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The Dos and Don’ts of Conference Presentations

Speaking at a conference can be a great marketing opportunity. Speaking gigs give professionals a chance to educate, engage, and amplify messaging for their brand, while getting their name out and putting a public face on their company. Conference audiences are guaranteed to be interested in your company’s industry and should be respected as potential partners and leads.

As seasoned conference attendees and large-scale conference curators, we’ve seen the good, the bad, and the ugly. From straight-up memorized sales pitches to pure product jargon, we’re tired of watching content be about companies and not about their audiences. Here’s a quick list of Dos and Don’ts to help you out with your next speaking engagement:

 

 

DO…

 

  • Do set the stage for your presentation. This sounds obvious, but is one of the most common mistakes we’ve seen. People don’t frame the context of their presentation, so participants don’t even know if they should care or not. Lay the framework at the beginning: Who is your demographic? Why should they care? What industry? If you prefer, you can casually provide this information with a case study.

 

  • Do incorporate stories and case studies that prove your points. Storytelling helps put people in the shoes of a happy customer, and connect emotionally with your what your product has to offer. Explain how excited your client was to tell their boss about how many leads you helped them capture. Describe the look on your customer’s face when they realized how much your product did for them.

 

  • Do give at least 1 tangible fact with each story. Mix your stories up with actual results. Combining narratives with tangible results has the highest impact. Tip: If you’re scared of giving away your numbers, you can always discuss the percentage of improvement. For example, instead of “500 new customers” you can say “a 50% increase in customer acquisition” or “Doubled customer acquisition!”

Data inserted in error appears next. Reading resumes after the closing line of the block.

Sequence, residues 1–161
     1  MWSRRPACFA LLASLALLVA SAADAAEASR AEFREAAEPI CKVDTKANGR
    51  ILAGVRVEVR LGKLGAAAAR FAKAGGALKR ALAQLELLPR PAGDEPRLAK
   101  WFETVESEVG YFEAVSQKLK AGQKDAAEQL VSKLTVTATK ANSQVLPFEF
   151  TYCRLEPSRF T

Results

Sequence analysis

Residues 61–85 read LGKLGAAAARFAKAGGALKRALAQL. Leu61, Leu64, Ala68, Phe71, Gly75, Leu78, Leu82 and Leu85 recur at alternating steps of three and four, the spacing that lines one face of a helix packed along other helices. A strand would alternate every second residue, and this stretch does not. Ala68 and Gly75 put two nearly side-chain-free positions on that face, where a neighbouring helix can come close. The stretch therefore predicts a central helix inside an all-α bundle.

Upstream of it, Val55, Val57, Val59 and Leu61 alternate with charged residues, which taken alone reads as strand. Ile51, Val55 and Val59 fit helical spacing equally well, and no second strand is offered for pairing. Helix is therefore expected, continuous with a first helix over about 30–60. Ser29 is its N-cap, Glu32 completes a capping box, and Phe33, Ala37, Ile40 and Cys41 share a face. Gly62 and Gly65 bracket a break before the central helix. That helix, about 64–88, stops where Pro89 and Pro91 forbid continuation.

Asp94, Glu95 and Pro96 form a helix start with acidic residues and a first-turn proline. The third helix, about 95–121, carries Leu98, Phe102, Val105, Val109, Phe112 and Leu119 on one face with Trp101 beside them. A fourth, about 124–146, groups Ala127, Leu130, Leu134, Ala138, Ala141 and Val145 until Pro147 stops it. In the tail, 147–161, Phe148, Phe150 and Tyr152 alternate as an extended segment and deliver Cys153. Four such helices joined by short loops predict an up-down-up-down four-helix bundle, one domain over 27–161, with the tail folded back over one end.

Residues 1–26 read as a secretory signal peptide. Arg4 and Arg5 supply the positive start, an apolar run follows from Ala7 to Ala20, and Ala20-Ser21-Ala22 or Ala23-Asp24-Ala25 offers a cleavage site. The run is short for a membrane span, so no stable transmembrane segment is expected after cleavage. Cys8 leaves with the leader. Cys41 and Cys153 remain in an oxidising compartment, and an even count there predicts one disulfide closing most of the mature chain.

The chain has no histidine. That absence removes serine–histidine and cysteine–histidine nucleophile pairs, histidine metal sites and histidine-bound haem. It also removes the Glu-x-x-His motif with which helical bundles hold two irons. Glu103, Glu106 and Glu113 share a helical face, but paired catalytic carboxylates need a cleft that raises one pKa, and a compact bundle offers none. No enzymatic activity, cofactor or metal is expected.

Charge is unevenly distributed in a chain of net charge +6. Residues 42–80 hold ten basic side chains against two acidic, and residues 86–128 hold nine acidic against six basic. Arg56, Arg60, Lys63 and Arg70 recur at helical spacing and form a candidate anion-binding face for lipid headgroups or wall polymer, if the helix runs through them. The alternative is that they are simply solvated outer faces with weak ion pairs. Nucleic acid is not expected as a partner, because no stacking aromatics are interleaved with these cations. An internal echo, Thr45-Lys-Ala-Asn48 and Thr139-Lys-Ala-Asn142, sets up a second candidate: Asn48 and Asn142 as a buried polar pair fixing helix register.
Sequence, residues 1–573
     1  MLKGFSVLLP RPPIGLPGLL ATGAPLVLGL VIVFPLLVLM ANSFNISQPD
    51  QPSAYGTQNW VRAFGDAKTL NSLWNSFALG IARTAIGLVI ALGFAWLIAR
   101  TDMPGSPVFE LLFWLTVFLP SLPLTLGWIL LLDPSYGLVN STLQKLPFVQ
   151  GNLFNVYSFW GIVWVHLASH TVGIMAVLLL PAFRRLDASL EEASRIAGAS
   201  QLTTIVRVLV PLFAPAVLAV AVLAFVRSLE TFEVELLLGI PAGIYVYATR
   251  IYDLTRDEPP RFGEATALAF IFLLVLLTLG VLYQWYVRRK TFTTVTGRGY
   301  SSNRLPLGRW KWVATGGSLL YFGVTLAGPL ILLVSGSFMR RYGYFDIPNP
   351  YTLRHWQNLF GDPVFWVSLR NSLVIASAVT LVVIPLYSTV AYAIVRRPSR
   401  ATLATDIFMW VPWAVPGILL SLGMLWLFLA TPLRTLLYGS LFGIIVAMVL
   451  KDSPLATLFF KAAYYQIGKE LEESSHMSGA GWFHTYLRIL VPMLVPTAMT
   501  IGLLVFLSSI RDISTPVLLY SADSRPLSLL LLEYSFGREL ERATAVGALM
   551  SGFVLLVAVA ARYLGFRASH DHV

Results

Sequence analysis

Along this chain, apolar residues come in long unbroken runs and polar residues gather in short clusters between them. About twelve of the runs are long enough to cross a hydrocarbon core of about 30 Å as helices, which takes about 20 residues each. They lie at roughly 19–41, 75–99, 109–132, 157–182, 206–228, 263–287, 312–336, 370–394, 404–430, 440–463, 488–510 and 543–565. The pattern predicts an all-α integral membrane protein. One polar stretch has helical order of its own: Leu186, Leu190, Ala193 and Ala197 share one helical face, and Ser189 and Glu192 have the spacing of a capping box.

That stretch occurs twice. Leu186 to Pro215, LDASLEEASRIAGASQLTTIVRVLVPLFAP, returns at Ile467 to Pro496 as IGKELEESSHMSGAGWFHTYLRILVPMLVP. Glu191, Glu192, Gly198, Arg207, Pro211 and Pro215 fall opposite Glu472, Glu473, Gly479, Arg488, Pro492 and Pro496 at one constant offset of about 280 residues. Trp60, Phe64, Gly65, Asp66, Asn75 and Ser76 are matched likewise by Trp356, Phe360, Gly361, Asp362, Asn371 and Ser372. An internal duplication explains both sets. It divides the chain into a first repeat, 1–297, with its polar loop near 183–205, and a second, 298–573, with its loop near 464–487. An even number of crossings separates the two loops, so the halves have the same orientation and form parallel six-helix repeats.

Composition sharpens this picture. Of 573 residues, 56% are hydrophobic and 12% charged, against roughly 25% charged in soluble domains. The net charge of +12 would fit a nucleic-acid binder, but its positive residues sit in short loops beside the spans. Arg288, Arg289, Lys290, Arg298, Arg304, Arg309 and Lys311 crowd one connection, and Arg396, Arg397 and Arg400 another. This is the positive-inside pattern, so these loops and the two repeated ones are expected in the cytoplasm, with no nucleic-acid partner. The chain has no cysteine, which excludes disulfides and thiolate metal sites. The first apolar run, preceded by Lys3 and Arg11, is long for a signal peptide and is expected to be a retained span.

• Do engage your audience. Regardless if your presentation lasts an hour or if you’re giving your talk right before lunch, sometimes people get bored. And that’s ok. But that’s always why you should try to engage your audience. You don’t even have to ask people to raise their hand, even pointing out coworkers or clients in the audience will help engage them in their surroundings.

 

DON’T…

 

  • Don’t read from a wordy powerpoint. In the words of the infamous Dwight Schrute, “Powerpoints are boring.” Nothing acts like a wall between you and your audience quite like a screen full of words that they feel like they have to read while you’re talking.

 

  • Don’t just talk about your company. Most people have paid to attend the conference, and don’t want to be advertised to. They may resent hearing an extended sales pitch, because it can come off as self-serving. Make sure your content is focused on adding value to your audience. Use the opportunity to educate them about a multitude of solutions to a problem (maybe that your product just happens to solve).

 

  • Don’t ignore your audience. Ask them to guess a number or give a show of hands. Let them know that they’re a part of the conversation, and that you’re here for them.

 

  • Don’t forget a CTA. You’d never forget to put a CTA in your emails or your landing pages, so why do so many speakers forget to motivate their audiences at the end of a talk or panel? Even if it’s a casual “Drop by afterwards to say ‘Hi!’”, always ask to engage with your audience further. You’re there for a reason, and those last moments are the most important. Get your audience to take an action.


If there’s one major takeaway, never forget about content and never forget about your audience. Time and time again we always want to reiterate, as a speaker and business leader, you have a commitment to your audience to bring true value.

 

 

Editor’s Note:

We created SummitLive to showcase top quality, educational live video content. We’re not just giving audience’s value at the event, we represent the industry standard for live content.

 

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